Edward I’s biography is a very enjoyable book. I know only a little about this period, but never felt lost. The maps (of England, Wales, Gascony and Scotland) proved useful and, unlike some maps, didn’t have details swallowed by the spine or obscured by having too much crammed into too small a space.
The writing’s accessible without being dumbed down, and the flaws and virtues of Edward I are laid bare.
Most of the book takes place during the 13th century, and it’s fascinating to read of just how friendly and helpful England and France were to one another for most of this period (Edward I’s intervention directly helped to free the French king’s younger brother from a Spanish prison, restore him to the throne of Sicily and avert a Franco-Aragonese war).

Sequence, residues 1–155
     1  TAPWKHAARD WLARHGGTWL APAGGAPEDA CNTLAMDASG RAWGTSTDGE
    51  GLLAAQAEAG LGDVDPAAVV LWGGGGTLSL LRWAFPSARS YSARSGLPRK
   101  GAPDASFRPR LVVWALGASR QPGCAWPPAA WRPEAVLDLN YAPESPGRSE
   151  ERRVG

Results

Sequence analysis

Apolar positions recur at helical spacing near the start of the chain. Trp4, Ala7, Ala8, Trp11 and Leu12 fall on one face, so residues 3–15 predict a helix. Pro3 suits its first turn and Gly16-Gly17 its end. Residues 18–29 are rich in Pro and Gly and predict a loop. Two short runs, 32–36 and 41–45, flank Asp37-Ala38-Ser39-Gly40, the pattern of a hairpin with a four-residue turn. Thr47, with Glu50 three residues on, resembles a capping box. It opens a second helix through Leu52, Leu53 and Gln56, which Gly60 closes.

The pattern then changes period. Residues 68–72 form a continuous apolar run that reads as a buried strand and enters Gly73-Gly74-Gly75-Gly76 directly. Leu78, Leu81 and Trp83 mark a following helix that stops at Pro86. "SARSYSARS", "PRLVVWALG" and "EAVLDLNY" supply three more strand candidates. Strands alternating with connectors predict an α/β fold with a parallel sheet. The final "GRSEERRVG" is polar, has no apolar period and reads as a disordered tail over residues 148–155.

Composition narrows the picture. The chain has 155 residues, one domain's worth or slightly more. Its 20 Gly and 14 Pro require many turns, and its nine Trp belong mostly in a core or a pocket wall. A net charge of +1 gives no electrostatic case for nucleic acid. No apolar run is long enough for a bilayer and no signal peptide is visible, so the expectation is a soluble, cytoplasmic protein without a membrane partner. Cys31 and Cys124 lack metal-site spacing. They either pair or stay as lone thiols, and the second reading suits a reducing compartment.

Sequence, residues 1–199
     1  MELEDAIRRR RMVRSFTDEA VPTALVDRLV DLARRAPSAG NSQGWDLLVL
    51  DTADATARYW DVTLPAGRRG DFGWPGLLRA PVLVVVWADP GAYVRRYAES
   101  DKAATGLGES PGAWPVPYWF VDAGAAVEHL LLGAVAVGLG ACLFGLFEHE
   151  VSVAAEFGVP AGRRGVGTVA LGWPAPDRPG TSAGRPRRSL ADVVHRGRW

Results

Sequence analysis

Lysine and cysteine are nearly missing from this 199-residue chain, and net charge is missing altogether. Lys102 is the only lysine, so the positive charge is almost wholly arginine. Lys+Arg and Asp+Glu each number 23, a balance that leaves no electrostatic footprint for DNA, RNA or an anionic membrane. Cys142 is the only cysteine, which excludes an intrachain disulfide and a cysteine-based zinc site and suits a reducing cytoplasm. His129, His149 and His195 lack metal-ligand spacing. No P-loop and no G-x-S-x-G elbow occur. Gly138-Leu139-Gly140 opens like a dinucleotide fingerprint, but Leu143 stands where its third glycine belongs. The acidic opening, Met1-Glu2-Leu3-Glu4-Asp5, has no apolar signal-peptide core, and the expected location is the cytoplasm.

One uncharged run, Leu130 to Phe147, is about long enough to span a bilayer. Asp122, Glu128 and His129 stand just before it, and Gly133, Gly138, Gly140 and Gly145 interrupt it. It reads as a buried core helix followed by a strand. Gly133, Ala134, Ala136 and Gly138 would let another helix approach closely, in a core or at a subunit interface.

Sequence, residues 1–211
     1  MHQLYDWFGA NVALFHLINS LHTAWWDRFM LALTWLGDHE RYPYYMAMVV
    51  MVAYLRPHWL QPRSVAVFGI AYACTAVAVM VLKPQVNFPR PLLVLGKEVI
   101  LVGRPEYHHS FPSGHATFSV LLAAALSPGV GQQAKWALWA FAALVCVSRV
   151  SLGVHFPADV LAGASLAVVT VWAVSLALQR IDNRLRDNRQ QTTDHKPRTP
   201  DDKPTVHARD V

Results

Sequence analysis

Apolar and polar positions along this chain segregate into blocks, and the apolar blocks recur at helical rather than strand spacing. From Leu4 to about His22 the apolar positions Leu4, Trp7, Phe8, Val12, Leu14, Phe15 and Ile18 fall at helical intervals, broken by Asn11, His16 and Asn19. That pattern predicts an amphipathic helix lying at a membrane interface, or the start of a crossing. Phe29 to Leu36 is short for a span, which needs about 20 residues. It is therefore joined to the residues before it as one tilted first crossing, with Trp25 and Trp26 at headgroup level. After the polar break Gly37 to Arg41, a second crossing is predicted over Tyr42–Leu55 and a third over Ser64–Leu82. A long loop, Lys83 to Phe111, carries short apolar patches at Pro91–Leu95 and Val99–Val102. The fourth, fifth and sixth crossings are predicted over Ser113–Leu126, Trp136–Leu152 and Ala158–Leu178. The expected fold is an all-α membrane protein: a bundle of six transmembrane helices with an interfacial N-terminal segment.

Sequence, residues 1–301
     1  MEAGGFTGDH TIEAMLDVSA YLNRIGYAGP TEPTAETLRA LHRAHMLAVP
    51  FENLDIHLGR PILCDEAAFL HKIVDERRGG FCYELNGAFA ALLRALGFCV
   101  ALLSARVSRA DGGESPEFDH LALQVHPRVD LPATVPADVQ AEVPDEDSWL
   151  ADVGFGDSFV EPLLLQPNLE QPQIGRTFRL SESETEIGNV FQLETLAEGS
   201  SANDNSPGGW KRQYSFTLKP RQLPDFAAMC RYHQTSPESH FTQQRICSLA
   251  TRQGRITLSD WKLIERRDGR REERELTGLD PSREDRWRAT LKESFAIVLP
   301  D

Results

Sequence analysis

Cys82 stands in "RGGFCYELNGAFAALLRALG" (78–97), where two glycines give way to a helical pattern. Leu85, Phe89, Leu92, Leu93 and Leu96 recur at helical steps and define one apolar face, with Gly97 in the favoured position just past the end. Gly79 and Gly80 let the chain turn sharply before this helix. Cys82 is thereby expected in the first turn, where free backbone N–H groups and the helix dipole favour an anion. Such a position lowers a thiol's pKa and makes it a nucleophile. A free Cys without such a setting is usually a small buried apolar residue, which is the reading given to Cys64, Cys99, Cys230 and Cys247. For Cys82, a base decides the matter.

It’s particularly interesting given that the next five centuries or so were not necessarily notable for warm and helpful Anglo-French relations.
Edward comes across as a strong, confident king, sometimes prone to a temper, inflexibility and (in later years) poor judgement regarding the long-term.
As is common with this sort of book, there are two little sections of photographs. The castles are very interesting (not least because, as a child, I often went on holiday in Wales and visited them), as are the images of Edward’s father’s and wife’s resting places.
I liked the short final chapter which recounts the reign of Edward I and has a few brief words on what came after and public opinion of Edward II (it wasn’t very high).
All-in-all, a fantastic book full of detail without losing ease of reading, from an author who does not shy away from Edward I’s bad points but does endeavour to place them in historical context rather than seek judgement by imposing modern morality upon the past. Highly recommended.